Monday, June 22, 2020

Science Fun During the Summer

text: Science Fun During the Summer; background photo of tree; A Mom's Quest to Teach logo

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There are so many great options to take science outside during the summertime - from studying insects and flowers to planting and growing vegetables. When the weather gets nice, children can take their science books outside and identify birds, reptiles, and trees to learn more about the world around them.

text: Nature study; Science Fun During the Summer; A Mom's Quest to Teach; background photo of flowers

What Will We Be Using This Summer? 

Useful curriculum and homeschooling resources abound if you want to make science fun during the summer. Your children might not even realize they are learning when you take nature walks and learn the names of the flora and fauna you see on your journey. Or maybe you will let them stay up late one night and search out constellations, planets, and the moon. And don't forget those activities that can also double as science experiments such as seeing what happens when you combine baking soda and vinegar. Two years ago we made frozen chalk with baking soda and then added vinegar!

Let's Do Science Outside logo from

One of the homeschooling curricula we are utilizing in our homeschool this summer is from We are using Let's Do Science Outside to expand our science lessons to include more nature fun. There are twenty homeschool science activities that are ready to print and take outside. They are best suited for grades first through fourth so they are perfect for our two younger children. If your children enjoy searching for insects and creepy crawlers, they can make a home for worms or a bug hotel using the instructions and recording sheets provided. As I am not too fond of insects, we will stick to other topics like designing a flower, going on a sensory walk, and identifying trees.

Tree Tally Sheet from Twinkl; three tree clip arts

We are also using notebooking pages from Productive Homeschooling: Notebooking Pages & More to study our local trees. One of my favorite days when I was a summer camp counselor at a zoo was the day we spent talking about trees and plants. I loved walking around the zoological gardens with the children and identifying the different trees. Now, this was rather easy as the horticulture department of the zoo had labeled all the trees with tags. After a while, I began to have the different trees memorized not only by the location in the zoo but also by their bark and leaves. I still know some trees but not nearly as many as I used to when I was younger.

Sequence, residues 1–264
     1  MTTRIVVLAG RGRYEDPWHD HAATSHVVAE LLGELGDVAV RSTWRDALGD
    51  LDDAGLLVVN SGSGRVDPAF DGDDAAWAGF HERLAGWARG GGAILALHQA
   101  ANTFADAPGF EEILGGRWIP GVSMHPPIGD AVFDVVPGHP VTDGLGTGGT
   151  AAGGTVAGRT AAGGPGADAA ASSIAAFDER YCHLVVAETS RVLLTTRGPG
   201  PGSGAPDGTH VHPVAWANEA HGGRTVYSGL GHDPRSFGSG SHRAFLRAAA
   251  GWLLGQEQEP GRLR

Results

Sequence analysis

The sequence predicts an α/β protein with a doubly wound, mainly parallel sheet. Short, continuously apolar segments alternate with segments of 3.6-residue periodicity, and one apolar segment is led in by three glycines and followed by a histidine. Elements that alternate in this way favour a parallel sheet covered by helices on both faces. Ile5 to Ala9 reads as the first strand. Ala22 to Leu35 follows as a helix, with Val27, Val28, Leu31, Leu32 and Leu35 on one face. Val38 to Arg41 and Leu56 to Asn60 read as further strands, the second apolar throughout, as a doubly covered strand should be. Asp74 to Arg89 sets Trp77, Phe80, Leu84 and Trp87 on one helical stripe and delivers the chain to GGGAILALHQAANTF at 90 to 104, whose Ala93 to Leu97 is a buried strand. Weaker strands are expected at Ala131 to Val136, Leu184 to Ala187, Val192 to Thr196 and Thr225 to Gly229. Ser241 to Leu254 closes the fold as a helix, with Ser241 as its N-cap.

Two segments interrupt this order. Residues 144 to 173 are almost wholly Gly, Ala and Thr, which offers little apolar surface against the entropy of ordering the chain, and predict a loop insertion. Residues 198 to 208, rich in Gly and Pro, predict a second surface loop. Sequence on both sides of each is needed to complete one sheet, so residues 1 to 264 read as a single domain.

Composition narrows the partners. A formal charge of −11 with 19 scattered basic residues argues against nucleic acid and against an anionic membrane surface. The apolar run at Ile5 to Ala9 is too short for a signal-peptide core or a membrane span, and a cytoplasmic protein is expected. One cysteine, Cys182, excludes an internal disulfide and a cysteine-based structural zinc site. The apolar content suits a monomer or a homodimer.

notebooking pages on trees; leaves

By completing the notebooking pages, our family can study the trees in our areas. Understanding what plants and trees are native to one's area is very important. One of the problems that many areas are facing is invasive species (plants, insects, and animals) moving in and pushing out native species. If our children can properly identify the different species of plants native to our area, then we can do our part to ensure that they are protected.

A Great Investment 

Did you know that offers STEM courses and activities to inspire, challenge, and motivate your children this summer? Just like we will be using Let's Do Science Outside, you can use part of whatever science curriculum you think will be exciting and fun for your children. Use coupon code: LADYBUG to pay only $27.97 for a PreK-8 Quarterly Membership (regularly $37.97).

One of the courses that we used parts of previously in our homeschool was Small World Sensory Science (click here for my more information on A Mom's Quest to Teach). The 12 lessons help your children explore the farm, the pond, the ocean, wind, construction, and more! There is even a lesson on keeping things tidy since sensory activities can be messy. What a fun way to spend the summer!

Ladybug Special for; PreK-8 3 mo./$27.97 code: LADYBUG


  1. that sounds like a good course for littles!

  2. We always did more science in the summer since we could tackle messy experiments like mentos/soda bottle reactions and other things I would not want to try doing in the house. Plus it was a fun way to keep busy that didn't always feel like schooling/learning.